[OpenAFS] Re: Thinking about a different way to distribute configuration.

David Boyes dboyes@sinenomine.net
Sun, 17 May 2009 18:19:57 -0400

On 5/17/09 5:25 PM, "Russ Allbery" <rra@stanford.edu> wrote:

> David Boyes <dboyes@sinenomine.net> writes:

> Keeping configuration files in sync across multiple nodes is really
> basic large site systems administration, has to be solved for many
> different applications, and is a *solved problem* using many different
> techniques and methods appropriate to each site.  OpenAFS will benefit
> itself the most if it works seamlessly with those existing systems by
> behaving like a standard application.  Introducing a configuration
> server that's unique to OpenAFS adds pain and complexity.

Wait a second: I think I see the disconnect here. I don't want the
configuration service to be unique to AFS. I originally said "a"
configuration service. That could be DHCP options or TFTP or something
similar or whatever you choose. You can use Puppet if you want; I just
object to assuming that local files are the only way.

> Please do not try to make AFS special.  Running AFS daemons should not
> be special.  Insofar as AFS looks just like any other system service
> that people are already running, AFS benefits.

Agreed, insofar as I dislike local config files and think there ought to be
a better way.=20

> AFS should not provide its own configuration management system.  I want
> to use my configuration management system to do configuration
> management, not my distributed file system.

See above.=20

>> Also, consider the new guy. You and (maybe) I know when to use what,
>> but how could someone facing this for the first time? How are you
>> planning to explain that you can override option A from the command
>> line but not option B? How could someone tell w/o referring to the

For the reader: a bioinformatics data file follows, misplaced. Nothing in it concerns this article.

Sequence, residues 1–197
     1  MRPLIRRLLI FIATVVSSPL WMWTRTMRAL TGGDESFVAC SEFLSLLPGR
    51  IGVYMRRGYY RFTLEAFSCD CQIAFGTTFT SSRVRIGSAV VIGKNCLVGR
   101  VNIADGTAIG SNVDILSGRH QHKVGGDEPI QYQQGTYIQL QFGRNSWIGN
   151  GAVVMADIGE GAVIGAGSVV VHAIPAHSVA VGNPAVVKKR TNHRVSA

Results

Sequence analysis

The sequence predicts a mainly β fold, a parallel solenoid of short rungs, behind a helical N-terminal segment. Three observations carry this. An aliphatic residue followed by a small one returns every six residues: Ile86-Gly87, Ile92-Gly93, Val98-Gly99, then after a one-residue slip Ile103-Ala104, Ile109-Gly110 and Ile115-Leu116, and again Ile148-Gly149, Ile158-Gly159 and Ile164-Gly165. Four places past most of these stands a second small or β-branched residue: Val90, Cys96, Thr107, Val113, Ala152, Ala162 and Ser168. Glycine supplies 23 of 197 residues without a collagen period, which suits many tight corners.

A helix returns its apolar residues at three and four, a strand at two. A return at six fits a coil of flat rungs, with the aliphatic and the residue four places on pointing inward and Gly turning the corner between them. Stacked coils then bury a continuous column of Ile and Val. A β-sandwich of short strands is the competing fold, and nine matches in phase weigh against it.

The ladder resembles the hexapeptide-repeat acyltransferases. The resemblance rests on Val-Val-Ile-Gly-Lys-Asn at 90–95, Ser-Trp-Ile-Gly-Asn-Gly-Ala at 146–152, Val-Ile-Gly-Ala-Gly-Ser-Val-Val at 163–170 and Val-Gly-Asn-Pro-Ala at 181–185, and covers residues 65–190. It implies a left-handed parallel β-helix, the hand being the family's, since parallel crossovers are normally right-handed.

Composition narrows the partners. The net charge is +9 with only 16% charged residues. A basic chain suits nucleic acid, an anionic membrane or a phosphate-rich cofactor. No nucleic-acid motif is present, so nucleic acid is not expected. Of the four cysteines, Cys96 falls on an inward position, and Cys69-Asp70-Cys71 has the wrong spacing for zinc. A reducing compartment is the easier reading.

>> docs?  Which you would have to update?
> I believe you are exaggering this problem beyond the point of
> reasonableness.

Considering I've encountered this kind of question about AFS twice in the
last week, once in a non-English language where there ARE no docs for the
person to consult, I tend to disagree. I see situations like this fairly
often. YMMV, but I would assert that there is a lot more confusion about
this topic out there than you think.

>> Which IMHO would argue that there needs to be exactly ONE command line
>> argument -- the location of the config file.
> No.  This is exactly the behavior that constantly annoys me with
> Kerberos where many things have to go into krb5.conf and you have to
> duplicate krb5.conf and set an environment variable to get different
> behavior.  It's understandable for Kerberos where the configuration is
> for an underlying library and there's no clear way to tie into the
> command line, but that loss of convenience in AFS where we can easily do
> better would be a disservice to our users.

I guess this doesn't annoy me as much as it does you. I don't find it
difficult, and I long ago automated that sort of thing with Kerberos so it
doesn't occur to me that it would annoy someone. I find symbolic references
to configuration files a rather forward-looking idea, myself -- someone
finally learned the lessons from OS/360 about not doing data binding inside

I suspect we're disagreeing more on what "better" means here than anything
else. I find most configuration files incredibly crude and static. There ar=
other ways to think about this, and much of the current command line option=
are there to cope with the fact that there is no self-tuning capability in
AFS. If I were developing additions, I'd be looking to eliminate that
problem, rather than finding new ways to express a lot of static
limitations. Since we're not talking about that, and we're clearly not
connecting on any useful conversation here, I guess we're stuck with config
files, and so it goes.